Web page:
'Devils Among Angels'


“Devils Among Angels: A Journey from Paradise and Hell to Life,” by Samuel Marder. San Diego: Idea & Design Works LLC, 2013. 256 pages, $17.99 (hardcover).

“Devils among Angels’ by Samuel Marder is a unique combination of short stories, poems and nonfiction essays. Marder, a violinist for the Radio City Music Hall Orchestra, was a 10-year-old violin virtuoso in Romania when the Nazis deported him with his family to a concentration camp in Transnistria.

Like many Holocaust survivors, Marder talked about his experiences as little as possible for many years. He felt compelled to speak out when prejudice began to rise again in the 1990s. However, as Marder started writing about his experiences, a funny thing happened. Instead of an autobiography, he wound up writing stories about the world that existed in the years before World War II. While the world of Central and Eastern European Jews has vanished forever, it is still alive in Marder’s memory. Through his stories, Marder brings the reader into the world as it was in his childhood with a humanity (and sense of humor) that transcends most nonfiction writing.

In “The Wandering Preacher,” Rebbe Zalmen is criticized by pompous and self-righteous congregants and defended by children and more tolerant adults. While answering a question from a young child, the Rabbi manages to change the criticism into praise. He does so without overt criticism, but by showing the congregation what a modest man he really is.

The story “Itzik the Watchmaker” deals with a humble craftsman who dared to ask God why the universe doesn’t run like clockwork. When angels and imps both try to find out why Itzik’s arrival in heaven is so important, we discover that “the devil’s helpers seem to be more inquisitive than the angels because of their propensity to gossip. It is difficult to understand why, but the desire to find fault often conjures up more energy than the search for good.”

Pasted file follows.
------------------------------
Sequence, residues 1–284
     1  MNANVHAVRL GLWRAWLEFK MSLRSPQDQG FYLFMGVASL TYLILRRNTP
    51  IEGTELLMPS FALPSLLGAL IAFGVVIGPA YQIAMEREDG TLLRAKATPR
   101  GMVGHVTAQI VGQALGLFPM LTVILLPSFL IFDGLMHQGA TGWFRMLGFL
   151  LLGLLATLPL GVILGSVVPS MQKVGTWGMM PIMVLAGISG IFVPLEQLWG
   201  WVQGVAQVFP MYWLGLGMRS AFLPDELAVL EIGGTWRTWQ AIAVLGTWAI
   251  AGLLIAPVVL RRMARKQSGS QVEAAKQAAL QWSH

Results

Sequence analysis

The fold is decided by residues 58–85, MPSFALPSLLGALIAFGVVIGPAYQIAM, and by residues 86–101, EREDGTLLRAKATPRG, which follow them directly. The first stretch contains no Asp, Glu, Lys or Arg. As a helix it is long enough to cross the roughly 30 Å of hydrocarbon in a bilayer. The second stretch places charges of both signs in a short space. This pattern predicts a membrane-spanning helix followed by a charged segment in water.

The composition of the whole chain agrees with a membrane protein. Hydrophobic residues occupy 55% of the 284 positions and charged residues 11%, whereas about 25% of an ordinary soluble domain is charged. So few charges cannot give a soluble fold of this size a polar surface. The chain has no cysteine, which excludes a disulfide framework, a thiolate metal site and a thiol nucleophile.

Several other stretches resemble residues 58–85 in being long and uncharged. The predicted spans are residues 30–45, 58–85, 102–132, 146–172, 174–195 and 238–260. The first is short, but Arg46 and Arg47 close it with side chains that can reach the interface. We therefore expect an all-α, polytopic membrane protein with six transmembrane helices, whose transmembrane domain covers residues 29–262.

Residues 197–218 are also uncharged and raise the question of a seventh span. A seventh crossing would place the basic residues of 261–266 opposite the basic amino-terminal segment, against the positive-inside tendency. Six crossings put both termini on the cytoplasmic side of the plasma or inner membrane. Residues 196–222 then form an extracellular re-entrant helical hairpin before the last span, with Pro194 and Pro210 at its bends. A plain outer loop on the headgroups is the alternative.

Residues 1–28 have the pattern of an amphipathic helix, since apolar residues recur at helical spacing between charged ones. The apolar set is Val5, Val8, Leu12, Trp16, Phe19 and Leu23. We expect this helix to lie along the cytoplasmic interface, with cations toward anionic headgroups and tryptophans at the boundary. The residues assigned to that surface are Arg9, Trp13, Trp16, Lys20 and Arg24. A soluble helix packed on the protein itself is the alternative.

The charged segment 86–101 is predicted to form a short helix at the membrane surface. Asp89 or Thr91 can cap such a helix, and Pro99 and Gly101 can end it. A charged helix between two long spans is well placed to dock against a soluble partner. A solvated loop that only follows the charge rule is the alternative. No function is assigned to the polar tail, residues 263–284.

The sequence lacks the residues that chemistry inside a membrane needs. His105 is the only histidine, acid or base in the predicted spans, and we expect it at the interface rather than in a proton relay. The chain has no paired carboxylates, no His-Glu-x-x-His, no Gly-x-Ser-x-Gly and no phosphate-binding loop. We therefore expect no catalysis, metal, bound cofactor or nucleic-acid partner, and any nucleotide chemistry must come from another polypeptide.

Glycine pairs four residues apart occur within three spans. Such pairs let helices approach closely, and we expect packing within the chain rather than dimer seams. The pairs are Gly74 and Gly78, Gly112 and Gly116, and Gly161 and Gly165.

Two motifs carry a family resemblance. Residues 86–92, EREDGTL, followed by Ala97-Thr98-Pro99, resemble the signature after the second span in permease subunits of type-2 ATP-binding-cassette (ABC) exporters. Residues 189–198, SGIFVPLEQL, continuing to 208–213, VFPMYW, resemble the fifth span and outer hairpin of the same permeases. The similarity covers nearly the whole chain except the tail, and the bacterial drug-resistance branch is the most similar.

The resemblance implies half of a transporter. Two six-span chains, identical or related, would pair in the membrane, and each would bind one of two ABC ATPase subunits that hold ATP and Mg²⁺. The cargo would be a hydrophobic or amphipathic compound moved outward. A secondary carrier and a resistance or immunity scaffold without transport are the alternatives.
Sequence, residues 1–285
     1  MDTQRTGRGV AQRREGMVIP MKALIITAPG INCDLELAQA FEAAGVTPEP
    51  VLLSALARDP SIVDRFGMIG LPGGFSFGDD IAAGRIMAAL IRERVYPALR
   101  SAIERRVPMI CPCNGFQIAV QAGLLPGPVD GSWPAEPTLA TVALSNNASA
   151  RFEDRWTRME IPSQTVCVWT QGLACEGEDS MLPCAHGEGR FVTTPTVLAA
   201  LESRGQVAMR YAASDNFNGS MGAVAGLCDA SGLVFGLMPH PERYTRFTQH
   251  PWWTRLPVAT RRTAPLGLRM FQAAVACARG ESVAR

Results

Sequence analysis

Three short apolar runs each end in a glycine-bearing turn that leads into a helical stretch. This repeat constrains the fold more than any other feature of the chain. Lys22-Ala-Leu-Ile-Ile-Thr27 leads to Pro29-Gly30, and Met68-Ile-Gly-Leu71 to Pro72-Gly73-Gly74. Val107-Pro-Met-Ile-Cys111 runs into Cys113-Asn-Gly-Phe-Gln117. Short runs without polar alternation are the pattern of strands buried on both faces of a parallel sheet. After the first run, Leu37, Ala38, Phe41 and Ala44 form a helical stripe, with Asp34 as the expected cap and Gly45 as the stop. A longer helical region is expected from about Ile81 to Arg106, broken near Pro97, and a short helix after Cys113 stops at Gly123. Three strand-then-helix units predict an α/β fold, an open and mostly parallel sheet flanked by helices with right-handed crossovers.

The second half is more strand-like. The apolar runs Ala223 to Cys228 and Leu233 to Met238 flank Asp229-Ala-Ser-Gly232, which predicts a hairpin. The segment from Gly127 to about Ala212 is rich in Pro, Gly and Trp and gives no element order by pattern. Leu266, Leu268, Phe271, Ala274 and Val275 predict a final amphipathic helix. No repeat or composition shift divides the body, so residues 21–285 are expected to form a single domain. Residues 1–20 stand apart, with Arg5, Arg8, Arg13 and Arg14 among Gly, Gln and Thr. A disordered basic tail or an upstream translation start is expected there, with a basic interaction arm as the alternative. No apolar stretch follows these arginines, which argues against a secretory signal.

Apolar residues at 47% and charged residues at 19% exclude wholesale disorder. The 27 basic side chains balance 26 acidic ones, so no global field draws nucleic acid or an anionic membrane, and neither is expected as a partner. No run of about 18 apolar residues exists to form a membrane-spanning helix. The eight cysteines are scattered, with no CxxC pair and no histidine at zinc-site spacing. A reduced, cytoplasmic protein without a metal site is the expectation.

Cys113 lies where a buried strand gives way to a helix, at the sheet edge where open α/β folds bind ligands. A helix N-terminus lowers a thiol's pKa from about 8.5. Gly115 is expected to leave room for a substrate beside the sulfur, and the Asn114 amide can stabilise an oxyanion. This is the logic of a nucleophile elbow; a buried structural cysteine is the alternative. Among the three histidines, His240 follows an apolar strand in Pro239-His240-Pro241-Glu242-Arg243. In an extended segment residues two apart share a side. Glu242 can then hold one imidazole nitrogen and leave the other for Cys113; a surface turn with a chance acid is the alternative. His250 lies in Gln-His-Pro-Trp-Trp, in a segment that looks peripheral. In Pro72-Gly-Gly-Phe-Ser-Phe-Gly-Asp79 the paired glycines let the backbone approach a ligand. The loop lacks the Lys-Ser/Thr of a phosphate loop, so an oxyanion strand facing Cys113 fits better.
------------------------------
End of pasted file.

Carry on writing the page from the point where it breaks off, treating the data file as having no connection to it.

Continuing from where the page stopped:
One of the funniest stories is “Purim in Korolivke.” In this story, we find out about Shmaysl, a merchant who sells eggs, honey and horseradish. We find out about how the townspeople fool Shmaysl when he gets drunk during the holiday of Purim. While the story doesn’t turn out well for poor Shmaysl, the readers definitely benefit from Marder’s humorous account.

Marder’s poetry is more serious than his fiction. This is his opportunity to let out feelings, question God and delve into the Shoah (the Hebrew term for the Holocaust). Yet the poems are also cathartic for the reader, who knows what happened to the fictional world in the first part of the book.

Sandwiched between the stories and the poems are Marder’s essays. Starting with his childhood, Marder brings us up to the time of the war. We meet both good people and bad people, but the good people predominate.

Herr Schwartz, a German friend of Marder’s family, tried in vain to save the family at great risk to himself. Professor Nowak, on the other hand, shows how good (free violin lessons while Marder was displaced) and evil (anti-Semitism and a past atrocity) can exist in the same person. We learn about Marder’s friend who died at an early age, having never recovered from his time in the Warsaw Ghetto. And a chance encounter on a train gives Marder a unique perspective on the difference between the way people are treated in life and how they are treated at a funeral.

The final nonfiction essay, “The Man with the Roses,” celebrates the ability of even one human to make a difference. A veteran from Afghanistan who lost his legs makes artificial roses on a rush-hour bus in Miami. Instead of the stressful event such a bus ride can be, this man brings smiles to the faces of hardened people. With this essay, Marder reminds us that it really is up to us how we deal with setbacks.

Throughout all the stories, poems and essays, there runs a hopeful thread. Marder has certainly seen the height of human inhumanity. However, his post-war experiences, renewal of his violin studies and emigration to New York also taught him that human kindness still exists. I thoroughly recommend Samuel Marder’s “Devils Among Angels.”

— Samuel Marder will give two public talks in Bowling Green this month. As part of WKU Libraries’ Far-Away Places series, Mr. Marder will speak at 7 p.m. Thursday at Barnes & Noble Booksellers. He will also speak at 7:30 p.m. Friday at the Ivan Wilson Fine Arts Center at WKU. Both events are free.